Bang The Drum

Q: What do Mr. Tambourine Man and Mrs. Robinson have in common? 

A: The same drummer played on both recordings—a phenom named Hal Blaine.


Check out this PARTIAL list of recordings where Hal was the drummer. Did I mention this is a partial list? The actual number of recorded songs where Hal was the drummer exceeds 4,000. Can we all agree, this is what prolific looks like? 

Be True to Your School, The Beach Boys
The Boxer, Simon & Garfunkel
Bridge Over Troubled Waters, Simon & Garfunkel
California Dreamin’, The Mamas & The Papas
Can’t Help Falling In Love, Elvis Presley
Dedicated to the One I Love, The Mamas & The Papas
God Only Knows, The Beach Boys
Good Vibrations, The Beach Boys
Help Me Rhonda, The Beach Boys
Homeward Bound, Simon & Garfunkel
I Got You Babe, Sonny & Cher
MacArthur Park, Jimmy Webb (Richard Harris version)
Monday Monday, The Mamas & The Papas
Never My Love, The Association
Rhythm of the Rain, The Cascades
These Boots Are Made for Walkin’, Nancy Sinatra
Up, Up and Away, Jimmy Webb (The 5th Dimension)
Wichita Lineman, Jimmy Webb (Glen Campbell)
Wouldn’t It Be Nice, The Beach Boys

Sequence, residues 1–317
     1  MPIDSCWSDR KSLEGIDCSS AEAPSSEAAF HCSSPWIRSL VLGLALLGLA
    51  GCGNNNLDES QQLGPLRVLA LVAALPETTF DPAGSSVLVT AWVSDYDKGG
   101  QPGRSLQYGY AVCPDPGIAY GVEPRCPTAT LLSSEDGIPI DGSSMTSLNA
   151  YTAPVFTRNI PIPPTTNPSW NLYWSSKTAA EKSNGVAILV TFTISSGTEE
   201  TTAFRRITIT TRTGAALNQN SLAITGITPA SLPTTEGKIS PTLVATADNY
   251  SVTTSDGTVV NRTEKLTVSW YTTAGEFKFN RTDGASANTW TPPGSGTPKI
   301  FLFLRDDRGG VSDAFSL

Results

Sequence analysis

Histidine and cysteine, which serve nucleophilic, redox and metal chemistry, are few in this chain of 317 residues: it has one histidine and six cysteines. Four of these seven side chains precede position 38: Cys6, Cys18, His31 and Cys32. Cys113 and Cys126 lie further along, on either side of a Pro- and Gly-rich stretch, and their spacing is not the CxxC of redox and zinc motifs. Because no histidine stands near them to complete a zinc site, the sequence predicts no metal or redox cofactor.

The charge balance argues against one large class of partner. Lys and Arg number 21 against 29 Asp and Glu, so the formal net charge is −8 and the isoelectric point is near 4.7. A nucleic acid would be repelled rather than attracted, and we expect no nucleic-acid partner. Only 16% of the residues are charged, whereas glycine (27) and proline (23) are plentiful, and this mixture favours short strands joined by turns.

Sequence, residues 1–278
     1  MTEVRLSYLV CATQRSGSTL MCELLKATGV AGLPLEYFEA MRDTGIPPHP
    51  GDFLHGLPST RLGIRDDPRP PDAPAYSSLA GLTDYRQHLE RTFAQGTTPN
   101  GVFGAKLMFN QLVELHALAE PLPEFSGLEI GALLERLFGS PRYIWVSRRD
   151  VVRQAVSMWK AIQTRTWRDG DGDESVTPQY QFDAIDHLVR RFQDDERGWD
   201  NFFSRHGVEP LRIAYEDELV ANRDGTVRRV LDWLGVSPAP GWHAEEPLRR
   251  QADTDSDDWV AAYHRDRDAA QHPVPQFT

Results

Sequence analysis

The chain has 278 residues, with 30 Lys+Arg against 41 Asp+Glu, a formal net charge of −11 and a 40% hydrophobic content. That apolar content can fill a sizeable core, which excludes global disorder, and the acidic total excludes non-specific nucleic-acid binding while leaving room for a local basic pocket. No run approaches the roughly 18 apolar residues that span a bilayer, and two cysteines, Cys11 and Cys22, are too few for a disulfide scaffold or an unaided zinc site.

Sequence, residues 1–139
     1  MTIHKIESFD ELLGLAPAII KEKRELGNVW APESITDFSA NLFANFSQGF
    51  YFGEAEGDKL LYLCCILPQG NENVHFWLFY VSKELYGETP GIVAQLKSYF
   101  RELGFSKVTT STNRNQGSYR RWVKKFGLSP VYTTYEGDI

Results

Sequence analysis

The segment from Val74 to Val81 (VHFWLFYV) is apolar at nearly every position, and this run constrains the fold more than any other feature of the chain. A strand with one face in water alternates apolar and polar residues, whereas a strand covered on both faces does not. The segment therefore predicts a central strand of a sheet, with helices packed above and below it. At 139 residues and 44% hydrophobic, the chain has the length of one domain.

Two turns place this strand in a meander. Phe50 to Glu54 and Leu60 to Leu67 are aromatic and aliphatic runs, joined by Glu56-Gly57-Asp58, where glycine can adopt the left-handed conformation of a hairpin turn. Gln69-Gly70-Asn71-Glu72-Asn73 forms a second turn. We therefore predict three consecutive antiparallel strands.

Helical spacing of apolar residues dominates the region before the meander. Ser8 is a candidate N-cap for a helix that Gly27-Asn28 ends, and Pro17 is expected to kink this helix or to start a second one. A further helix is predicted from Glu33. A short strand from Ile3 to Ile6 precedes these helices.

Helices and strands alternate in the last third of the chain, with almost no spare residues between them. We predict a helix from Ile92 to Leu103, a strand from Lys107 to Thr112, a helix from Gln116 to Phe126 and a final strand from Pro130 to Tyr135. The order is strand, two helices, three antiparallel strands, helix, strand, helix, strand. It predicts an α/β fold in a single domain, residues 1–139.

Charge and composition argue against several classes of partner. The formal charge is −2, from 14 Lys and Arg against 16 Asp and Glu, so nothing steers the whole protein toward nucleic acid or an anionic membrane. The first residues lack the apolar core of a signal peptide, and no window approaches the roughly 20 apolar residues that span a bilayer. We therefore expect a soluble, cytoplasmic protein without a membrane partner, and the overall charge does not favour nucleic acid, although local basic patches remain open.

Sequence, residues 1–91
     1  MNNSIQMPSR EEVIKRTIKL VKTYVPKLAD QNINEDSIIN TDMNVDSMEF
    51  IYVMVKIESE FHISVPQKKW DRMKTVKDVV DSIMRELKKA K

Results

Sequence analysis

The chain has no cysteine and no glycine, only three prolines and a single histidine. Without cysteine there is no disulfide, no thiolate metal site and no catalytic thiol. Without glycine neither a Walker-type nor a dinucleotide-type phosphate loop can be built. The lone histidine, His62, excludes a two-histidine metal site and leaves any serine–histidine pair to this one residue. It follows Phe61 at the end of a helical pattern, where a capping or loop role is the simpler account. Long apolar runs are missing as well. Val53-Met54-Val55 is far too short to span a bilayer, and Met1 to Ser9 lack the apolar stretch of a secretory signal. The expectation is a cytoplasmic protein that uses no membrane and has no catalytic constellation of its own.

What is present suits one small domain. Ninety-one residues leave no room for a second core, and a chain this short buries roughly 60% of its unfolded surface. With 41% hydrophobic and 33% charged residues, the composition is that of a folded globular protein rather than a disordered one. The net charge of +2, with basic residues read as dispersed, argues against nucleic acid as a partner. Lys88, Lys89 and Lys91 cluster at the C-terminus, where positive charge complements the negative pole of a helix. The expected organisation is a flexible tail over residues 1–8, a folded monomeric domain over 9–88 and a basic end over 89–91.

As I was playing my own drum set the other day, I became aware that my favorite patterns, rhythms and fills are those I learned from listening to songs like these, and thus I tend to and have always tended to play like Hal Blaine—a drummer most non-drummers have probably never heard of. Hal had a significant impact on a significant point of view for me.

Stay with me here: In drum lessons, I learned that the typical pattern in pop and rock drumming is to play the snare drum with your left hand on beats 2 and 4, along with the your left foot on the hi-hat. My cousin Beth Ann, who is a few years older than me, had a solid collection of 45 rpm records. One day, while visiting her house, I heard a song called “Be My Baby” by The Ronettes, coming from her bedroom. “WHAT IS HAL BLAINE DOING?” I thought to myself, (even though I didn’t know at the time that Hal was the drummer). He was playing a hard snare drum shot on the 4th beat ONLY! Can you do that? Can you, so to speak “march to the beat of your own drum?”

It changed my point of view instantly. The next time our little rock band played at a school “mixer”, not only did I not play the snare drum on 2 and 4 consistently, I actually played on the “and” of 4 occasionally. I felt like a rebel with a cause.

basic rock beat 1.png

While Hal had an influence my drumming, these songs influenced my psyche. There, I said it out loud. So, for all those traveling evangelists who warned frightened parents about the impact of the rock n roll; yes! yes it does. You were right. I am a much happier senior adult today because of the influence of rock music. Listening to the oldies that were the big hits when I came of age confirms it. I have no idea what “House of the Rising Sun” is really about, but I am transported to a wonderful place every time I hear it.